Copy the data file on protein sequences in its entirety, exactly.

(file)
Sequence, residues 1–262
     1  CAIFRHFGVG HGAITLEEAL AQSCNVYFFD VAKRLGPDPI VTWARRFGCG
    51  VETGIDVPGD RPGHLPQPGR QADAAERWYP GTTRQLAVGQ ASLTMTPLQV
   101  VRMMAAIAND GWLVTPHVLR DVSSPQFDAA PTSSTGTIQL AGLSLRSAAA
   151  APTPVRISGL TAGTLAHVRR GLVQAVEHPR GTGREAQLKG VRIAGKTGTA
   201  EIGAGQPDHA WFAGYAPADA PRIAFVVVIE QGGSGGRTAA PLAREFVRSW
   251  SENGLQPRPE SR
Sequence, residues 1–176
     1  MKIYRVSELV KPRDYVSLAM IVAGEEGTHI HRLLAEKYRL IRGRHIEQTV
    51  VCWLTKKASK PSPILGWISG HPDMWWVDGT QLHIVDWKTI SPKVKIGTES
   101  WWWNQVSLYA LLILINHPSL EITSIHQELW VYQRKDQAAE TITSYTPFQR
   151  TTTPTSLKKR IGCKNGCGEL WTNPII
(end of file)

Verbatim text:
Sequence, residues 1–262
     1  CAIFRHFGVG HGAITLEEAL AQSCNVYFFD VAKRLGPDPI VTWARRFGCG
    51  VETGIDVPGD RPGHLPQPGR QADAAERWYP GTTRQLAVGQ ASLTMTPLQV
   101  VRMMAAIAND GWLVTPHVLR DVSSPQFDAA PTSSTGTIQL AGLSLRSAAA
   151  APTPVRISGL TAGTLAHVRR GLVQAVEHPR GTGREAQLKG VRIAGKTGTA
   201  EIGAGQPDHA WFAGYAPADA PRIAFVVVIE QGGSGGRTAA PLAREFVRSW
   251  SENGLQPRPE SR
Sequence, residues 1–176
     1  MKIYRVSELV KPRDYVSLAM IVAGEEGTHI HRLLAEKYRL IRGRHIEQTV
    51  VCWLTKKASK PSPILGWISG HPDMWWVDGT QLHIVDWKTI SPKVKIGTES
   101  WWWNQVSLYA LLILINHPSL EITSIHQELW VYQRKDQAAE TITSYTPFQR
   151  TTTPTSLKKR IGCKNGCGEL WTNPII